China is proposing additional purchases of U.S. agriculture products as trade talks ramp up with the United States. Bloomberg reported Thursday morning the offer would be on top of pre-trade war levels and continue for an undefined period of time. Arlan Suderman of INTL FCStone, expressed caution, noting “China will say what needs to be said to get a deal, but the key component will be in the verification and enforcement.” The talks face a March 1 deadline, although President Trump has recently suggested he would consider extending the deadline.
The reports Thursday indicate China and the U.S. will sign 6 memorandums of understanding to meet this country’s demands, and 10 commodities are listed. Annual sales would reportedly exceed $30 billion over and above the sales to China in 2017, which totaled over $24 billion.
But this is not yet a deal, so USDA Secretary Sonny Perdue says it is too early talk about specifics of any possible agriculture sales to China.
“I think that would all be very premature because those proposals are all contingent upon a grand deal,” he said.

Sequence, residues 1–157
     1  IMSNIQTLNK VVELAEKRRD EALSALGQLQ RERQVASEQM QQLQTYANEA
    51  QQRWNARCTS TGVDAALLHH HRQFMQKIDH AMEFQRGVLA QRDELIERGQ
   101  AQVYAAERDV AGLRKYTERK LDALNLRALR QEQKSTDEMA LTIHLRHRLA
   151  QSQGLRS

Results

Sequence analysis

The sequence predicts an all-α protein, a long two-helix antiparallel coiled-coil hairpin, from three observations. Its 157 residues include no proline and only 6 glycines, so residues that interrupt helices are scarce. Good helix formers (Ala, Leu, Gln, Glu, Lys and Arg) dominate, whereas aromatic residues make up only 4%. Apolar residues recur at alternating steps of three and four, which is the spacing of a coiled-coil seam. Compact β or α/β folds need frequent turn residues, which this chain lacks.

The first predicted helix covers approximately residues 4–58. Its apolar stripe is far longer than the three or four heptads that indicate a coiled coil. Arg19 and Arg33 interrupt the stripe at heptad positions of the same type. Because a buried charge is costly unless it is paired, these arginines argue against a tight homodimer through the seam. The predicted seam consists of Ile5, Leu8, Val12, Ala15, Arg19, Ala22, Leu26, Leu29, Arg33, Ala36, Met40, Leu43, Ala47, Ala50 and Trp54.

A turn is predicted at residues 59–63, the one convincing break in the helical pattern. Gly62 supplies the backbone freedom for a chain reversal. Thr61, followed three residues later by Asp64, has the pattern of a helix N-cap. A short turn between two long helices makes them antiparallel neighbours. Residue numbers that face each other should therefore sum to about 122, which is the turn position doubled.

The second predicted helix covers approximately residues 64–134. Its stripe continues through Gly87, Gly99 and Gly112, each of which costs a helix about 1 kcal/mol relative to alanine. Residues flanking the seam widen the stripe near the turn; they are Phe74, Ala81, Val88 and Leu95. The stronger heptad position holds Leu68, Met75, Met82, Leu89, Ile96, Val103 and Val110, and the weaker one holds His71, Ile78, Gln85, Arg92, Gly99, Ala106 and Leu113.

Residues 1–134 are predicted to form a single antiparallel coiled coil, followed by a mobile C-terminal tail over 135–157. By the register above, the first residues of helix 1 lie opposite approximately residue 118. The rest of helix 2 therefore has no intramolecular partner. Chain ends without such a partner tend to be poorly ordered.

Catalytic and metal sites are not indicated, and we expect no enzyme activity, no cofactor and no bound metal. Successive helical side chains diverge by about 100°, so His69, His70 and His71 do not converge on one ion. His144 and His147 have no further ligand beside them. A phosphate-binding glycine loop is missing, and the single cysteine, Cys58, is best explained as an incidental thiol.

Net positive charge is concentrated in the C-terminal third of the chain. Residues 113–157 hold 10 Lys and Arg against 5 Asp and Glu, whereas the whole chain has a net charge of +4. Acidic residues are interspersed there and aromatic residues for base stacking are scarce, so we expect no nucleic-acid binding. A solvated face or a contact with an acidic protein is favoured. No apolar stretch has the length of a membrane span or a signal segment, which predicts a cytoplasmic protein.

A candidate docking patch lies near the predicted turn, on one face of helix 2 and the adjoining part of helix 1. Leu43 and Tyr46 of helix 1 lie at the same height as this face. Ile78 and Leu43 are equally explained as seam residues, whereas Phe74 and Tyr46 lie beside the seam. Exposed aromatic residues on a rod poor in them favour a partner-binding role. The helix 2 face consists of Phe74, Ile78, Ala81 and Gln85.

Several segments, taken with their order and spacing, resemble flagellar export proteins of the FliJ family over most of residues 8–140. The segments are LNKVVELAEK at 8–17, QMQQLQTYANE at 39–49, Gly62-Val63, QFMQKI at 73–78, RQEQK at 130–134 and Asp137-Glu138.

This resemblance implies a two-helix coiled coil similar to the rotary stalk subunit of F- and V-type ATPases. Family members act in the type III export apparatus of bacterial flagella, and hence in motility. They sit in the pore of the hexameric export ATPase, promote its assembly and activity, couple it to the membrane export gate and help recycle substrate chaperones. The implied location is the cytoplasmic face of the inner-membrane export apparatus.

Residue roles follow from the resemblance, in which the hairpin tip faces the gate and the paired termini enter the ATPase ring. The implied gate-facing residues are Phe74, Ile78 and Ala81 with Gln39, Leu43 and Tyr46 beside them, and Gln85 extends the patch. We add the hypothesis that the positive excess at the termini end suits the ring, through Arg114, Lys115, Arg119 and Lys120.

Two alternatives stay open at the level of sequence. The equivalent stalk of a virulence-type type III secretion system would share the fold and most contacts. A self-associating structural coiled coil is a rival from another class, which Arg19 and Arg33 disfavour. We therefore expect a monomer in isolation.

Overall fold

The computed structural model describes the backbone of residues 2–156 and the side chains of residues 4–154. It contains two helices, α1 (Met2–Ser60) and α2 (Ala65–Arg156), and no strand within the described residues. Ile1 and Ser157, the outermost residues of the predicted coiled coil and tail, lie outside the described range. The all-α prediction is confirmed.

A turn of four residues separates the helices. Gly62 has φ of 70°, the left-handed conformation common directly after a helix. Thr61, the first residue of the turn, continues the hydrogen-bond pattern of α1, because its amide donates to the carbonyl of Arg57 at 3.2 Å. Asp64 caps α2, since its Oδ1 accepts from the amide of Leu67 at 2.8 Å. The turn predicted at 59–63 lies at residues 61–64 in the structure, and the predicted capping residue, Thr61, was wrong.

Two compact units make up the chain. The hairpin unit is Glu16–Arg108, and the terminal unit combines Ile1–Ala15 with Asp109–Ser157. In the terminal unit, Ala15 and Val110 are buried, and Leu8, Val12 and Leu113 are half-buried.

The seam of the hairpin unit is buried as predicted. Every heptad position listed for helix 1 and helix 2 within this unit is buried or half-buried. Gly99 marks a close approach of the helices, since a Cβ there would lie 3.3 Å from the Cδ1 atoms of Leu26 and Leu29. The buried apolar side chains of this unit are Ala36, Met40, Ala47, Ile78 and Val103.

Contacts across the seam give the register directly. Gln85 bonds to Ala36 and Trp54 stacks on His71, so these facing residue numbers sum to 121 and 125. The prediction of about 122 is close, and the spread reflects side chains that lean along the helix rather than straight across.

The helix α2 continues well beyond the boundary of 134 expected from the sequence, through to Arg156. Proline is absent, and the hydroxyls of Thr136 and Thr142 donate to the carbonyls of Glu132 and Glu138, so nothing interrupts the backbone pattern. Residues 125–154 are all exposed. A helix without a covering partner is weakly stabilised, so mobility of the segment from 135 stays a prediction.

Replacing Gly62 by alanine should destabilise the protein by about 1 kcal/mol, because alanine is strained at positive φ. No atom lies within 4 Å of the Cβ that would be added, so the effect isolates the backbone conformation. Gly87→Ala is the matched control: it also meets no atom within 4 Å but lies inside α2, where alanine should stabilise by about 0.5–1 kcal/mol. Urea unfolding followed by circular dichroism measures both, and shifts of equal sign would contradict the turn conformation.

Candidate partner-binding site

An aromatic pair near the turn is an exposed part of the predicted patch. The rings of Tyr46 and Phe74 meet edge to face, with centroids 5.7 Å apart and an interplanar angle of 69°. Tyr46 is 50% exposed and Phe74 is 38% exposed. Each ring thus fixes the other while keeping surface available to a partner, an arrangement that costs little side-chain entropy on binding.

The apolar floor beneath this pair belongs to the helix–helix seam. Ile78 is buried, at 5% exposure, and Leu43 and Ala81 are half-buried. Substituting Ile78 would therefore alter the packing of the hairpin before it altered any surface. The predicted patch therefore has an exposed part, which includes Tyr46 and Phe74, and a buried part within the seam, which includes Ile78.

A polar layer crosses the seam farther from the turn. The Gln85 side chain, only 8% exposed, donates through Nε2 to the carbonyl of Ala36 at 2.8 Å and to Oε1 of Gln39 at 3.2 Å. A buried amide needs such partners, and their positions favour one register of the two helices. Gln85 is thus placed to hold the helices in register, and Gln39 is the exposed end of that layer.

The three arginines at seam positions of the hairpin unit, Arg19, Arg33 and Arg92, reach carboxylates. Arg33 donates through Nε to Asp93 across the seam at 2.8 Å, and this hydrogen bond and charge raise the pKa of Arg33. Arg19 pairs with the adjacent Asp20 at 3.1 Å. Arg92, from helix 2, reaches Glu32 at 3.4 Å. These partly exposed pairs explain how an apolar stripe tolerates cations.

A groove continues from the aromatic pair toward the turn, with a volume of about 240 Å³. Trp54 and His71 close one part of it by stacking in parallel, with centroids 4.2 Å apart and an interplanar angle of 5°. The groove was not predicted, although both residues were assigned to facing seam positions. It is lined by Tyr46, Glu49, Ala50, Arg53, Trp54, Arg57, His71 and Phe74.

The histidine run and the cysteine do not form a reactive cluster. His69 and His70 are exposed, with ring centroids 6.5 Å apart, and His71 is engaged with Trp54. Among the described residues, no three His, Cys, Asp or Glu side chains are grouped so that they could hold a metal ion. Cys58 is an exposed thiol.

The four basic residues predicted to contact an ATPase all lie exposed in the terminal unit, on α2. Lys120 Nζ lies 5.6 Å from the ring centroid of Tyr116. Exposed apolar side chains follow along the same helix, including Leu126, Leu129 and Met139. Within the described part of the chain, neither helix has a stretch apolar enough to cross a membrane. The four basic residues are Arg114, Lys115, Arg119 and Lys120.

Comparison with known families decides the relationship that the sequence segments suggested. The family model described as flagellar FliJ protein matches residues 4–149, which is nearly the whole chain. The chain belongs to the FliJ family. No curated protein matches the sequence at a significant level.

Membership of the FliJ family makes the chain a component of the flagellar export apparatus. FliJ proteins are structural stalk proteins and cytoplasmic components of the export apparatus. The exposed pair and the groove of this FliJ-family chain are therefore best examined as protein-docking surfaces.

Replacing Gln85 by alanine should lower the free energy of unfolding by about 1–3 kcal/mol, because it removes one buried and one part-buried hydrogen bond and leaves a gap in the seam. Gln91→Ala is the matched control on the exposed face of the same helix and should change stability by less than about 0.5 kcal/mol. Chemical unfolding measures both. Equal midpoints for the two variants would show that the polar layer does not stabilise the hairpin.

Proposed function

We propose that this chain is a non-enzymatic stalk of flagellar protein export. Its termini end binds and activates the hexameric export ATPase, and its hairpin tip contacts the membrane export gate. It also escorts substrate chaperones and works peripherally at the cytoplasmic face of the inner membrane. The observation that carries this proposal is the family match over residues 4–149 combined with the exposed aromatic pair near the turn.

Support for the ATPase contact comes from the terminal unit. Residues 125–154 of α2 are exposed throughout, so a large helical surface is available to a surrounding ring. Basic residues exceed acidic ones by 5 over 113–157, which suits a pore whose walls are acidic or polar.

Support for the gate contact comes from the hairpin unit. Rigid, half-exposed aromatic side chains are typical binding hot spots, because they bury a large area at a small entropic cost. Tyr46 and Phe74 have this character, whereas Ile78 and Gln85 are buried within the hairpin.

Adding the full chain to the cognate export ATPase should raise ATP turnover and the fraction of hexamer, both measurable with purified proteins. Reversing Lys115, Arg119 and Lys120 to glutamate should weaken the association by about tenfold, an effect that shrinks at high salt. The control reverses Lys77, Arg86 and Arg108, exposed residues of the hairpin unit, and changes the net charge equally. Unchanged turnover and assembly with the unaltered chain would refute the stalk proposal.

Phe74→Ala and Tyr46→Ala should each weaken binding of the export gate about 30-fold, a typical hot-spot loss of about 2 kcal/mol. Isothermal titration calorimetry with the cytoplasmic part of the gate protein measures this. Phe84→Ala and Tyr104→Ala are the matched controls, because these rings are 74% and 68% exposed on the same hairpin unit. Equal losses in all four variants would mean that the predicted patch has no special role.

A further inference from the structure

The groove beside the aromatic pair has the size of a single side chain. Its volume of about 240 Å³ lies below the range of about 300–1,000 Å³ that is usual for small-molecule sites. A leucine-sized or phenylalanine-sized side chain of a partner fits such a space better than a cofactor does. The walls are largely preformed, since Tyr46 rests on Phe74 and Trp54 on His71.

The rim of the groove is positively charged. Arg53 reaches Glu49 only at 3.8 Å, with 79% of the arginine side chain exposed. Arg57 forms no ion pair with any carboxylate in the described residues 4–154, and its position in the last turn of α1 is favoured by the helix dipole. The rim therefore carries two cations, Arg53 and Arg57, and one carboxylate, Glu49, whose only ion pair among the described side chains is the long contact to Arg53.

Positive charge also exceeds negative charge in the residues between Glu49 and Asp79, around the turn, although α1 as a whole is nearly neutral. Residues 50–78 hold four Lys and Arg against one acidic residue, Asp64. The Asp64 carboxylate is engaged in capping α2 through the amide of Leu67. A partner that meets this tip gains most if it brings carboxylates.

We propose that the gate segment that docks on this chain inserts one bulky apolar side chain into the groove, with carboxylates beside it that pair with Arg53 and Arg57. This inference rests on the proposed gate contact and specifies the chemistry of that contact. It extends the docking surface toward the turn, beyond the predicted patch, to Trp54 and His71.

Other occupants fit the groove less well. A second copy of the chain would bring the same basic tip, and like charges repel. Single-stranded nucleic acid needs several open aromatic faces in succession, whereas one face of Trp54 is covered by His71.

There are also the unresolved structural reforms concerning intellectual property guarantees the U.S. wants.
“If we could get those kinds of assurances regarding China taking intellectual property theft seriously, then we could see a renewed and expanded agricultural trade between the two countries. They have committed quantities that are significant.”
Perdue, speaking at the USDA Outlook Forum Thursday, said biotech remains a concern.
“We still have some real challenges when it comes to acceptance of those biotech traits that we think would be very helpful,” he said, “and China has been somewhat intransigent in their acceptance and agreement to those types of policies as well.”
And then there’s the question about when the new U.S. Mexico Canada Agreement trade deal will go into effect. There are still hurdles to jump to get the three countries to ratify it, but Perdue said, “It is a better agreement. I would be willing to debate that point by point with anyone.”
The secretary speculated about when the United States will get the agreement to the President.
“I would hope certainly, I’m always optimistic, by summer.”
Some lawmakers say USMCA doesn’t address labor and environmental issues.
“We have improved this agreement in every sector including labor.”
Perdue was with representatives from Canada and Mexico who did not speculate on final passage of the agreement in their countries.